In Vitro Analysis of the Physical Properties of Contact Lens Blister Pack Solutions Academic Article uri icon

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abstract

  • PURPOSE: Since the initial development of silicone hydrogels, many modifications to the bulk and surface properties of the lenses have been undertaken to improve the wettability and comfort of the lenses. Recently, manufacturers have incorporated various "wetting agents" or surface-active agents into the blister packaging solutions (BPSs) of the lenses to improve initial comfort of the lens on eye. The purpose of this study was to measure and compare the pH, surface tension (ST), viscosity, and osmolality of BPSs for a variety of silicone hydrogel and polyHEMA-based hydrogel lenses. In addition, two saline solutions were tested for comparison purposes. METHODS: The pH, osmolality, ST, and viscosity were measured for the BPSs for lotrafilcon B and lotrafilcon A and lotrafilcon B with a "modified BPS" (m-lotrafilcon A, m-lotrafilcon B) (CIBA Vision, Duluth, GA); balafilcon A (Bausch & Lomb, Rochester, NY); galyfilcon A, senofilcon A, and narafilcon A (Johnson & Johnson, Jacksonville, FL); and comfilcon A and enfilcon A (CooperVision, Pleasanton, CA) and BPSs from two conventional polyHEMA-based materials-etafilcon A (Johnson & Johnson) and omafilcon A (CooperVision). The two saline solutions tested were Unisol (Alcon, Fort Worth, TX) and Softwear Saline (CIBA Vision). RESULTS: The pH results for the two saline solutions and all BPSs remained in the pH range of tears (6.6-7.8). The ST of the modified BPS was significantly lower (p < 0.01) than the original non-modified BPS. Viscosity measurements ranged between 0.90 and 1.00 cP for all BPSs and saline solutions, except for the modified BPS, which had significantly higher viscosities (p < 0.001). Osmolality measurements were not significantly different (p > 0.05) between BPSs made by the same manufacturer but were significantly different compared with BPSs made by different manufacturers (p < 0.05). CONCLUSIONS: The incorporation of wetting agents and surfactants into BPSs does alter the physical properties of the BPSs, which may have clinical implications regarding initial in-eye comfort.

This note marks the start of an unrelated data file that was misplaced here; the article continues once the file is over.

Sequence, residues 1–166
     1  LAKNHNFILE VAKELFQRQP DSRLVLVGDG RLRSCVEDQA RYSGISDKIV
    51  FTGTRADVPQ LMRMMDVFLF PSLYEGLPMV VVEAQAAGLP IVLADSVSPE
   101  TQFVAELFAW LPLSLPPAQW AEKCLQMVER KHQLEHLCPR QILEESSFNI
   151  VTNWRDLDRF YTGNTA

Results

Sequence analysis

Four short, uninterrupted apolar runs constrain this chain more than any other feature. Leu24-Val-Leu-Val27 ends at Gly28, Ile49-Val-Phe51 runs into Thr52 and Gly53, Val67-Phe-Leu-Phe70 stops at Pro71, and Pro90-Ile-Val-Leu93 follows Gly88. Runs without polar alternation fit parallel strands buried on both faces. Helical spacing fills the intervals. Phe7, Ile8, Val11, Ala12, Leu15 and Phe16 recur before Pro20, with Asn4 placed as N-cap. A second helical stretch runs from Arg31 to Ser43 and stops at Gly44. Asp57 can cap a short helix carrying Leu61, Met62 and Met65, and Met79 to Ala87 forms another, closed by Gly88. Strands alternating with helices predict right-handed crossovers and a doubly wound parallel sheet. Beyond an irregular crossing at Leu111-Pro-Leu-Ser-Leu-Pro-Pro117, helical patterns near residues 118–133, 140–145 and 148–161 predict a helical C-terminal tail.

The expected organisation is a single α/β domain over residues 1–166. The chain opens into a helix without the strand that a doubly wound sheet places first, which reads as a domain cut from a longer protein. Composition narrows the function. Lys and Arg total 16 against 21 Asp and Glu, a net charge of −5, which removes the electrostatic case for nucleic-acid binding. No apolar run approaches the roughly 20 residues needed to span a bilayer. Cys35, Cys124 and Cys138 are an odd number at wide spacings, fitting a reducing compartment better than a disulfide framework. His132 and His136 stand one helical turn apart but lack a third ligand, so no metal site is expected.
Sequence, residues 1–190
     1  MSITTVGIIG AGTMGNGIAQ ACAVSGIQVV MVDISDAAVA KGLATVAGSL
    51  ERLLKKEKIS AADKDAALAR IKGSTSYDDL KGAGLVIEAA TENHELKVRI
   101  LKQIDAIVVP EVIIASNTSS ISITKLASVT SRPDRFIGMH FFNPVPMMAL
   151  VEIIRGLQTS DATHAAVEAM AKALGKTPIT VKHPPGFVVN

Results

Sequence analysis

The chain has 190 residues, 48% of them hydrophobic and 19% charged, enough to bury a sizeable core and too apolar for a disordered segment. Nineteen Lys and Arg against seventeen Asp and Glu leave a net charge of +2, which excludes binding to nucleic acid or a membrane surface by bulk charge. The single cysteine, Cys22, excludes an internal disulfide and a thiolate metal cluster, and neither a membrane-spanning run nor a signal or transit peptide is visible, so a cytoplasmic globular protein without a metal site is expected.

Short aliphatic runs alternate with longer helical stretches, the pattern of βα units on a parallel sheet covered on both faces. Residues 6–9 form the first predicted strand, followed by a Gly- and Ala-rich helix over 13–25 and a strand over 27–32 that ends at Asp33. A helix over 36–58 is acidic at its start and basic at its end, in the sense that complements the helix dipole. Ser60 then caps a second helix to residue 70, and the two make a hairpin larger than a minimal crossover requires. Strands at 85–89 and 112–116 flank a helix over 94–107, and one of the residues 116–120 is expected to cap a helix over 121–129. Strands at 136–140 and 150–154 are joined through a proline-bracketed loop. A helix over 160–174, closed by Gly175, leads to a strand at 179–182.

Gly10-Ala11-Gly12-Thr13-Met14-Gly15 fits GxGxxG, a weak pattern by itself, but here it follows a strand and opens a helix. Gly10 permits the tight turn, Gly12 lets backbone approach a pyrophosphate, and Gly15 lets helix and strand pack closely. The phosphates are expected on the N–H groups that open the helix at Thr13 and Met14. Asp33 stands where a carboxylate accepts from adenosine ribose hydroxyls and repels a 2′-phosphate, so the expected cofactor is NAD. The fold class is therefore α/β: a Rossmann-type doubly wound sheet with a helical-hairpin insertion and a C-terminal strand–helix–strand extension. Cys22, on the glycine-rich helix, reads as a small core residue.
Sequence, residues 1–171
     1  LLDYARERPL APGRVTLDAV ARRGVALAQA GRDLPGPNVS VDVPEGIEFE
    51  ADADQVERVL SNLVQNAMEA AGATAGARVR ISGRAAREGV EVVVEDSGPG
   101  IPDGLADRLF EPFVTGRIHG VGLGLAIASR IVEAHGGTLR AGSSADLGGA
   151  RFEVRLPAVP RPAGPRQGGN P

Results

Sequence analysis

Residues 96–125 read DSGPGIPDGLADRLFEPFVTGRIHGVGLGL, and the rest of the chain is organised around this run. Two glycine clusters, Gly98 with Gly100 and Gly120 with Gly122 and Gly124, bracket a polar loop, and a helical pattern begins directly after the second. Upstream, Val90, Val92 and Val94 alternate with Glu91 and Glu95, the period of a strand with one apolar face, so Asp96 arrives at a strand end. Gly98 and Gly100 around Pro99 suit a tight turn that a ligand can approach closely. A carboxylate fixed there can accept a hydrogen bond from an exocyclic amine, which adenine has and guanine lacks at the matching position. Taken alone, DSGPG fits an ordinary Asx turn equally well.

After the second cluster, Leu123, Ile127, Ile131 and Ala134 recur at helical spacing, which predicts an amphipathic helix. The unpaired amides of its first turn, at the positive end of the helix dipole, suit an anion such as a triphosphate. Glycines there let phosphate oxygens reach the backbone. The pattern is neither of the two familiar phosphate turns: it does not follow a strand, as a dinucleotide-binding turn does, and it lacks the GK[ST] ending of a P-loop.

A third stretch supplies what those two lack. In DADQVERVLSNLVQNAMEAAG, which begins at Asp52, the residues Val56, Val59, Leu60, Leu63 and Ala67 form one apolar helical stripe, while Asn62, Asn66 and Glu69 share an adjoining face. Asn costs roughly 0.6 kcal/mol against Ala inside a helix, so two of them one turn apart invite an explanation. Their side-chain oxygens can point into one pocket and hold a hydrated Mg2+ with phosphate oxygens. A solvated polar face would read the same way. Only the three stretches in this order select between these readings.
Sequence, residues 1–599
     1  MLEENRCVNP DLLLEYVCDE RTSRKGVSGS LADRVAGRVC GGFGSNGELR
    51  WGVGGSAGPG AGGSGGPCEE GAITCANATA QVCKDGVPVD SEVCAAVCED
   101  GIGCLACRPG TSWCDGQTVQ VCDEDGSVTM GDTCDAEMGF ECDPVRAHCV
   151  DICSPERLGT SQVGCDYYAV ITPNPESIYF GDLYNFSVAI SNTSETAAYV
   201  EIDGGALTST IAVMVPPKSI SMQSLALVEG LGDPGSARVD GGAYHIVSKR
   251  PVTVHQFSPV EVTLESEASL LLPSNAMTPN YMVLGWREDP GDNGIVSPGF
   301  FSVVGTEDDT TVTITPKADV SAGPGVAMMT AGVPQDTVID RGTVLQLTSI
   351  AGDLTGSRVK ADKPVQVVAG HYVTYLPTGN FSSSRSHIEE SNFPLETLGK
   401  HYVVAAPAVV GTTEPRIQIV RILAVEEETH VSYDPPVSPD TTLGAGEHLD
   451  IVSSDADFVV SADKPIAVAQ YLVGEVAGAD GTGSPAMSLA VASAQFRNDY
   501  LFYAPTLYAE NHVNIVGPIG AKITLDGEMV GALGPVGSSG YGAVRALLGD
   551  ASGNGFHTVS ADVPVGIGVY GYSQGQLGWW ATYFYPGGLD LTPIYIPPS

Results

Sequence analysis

publication date

  • April 2011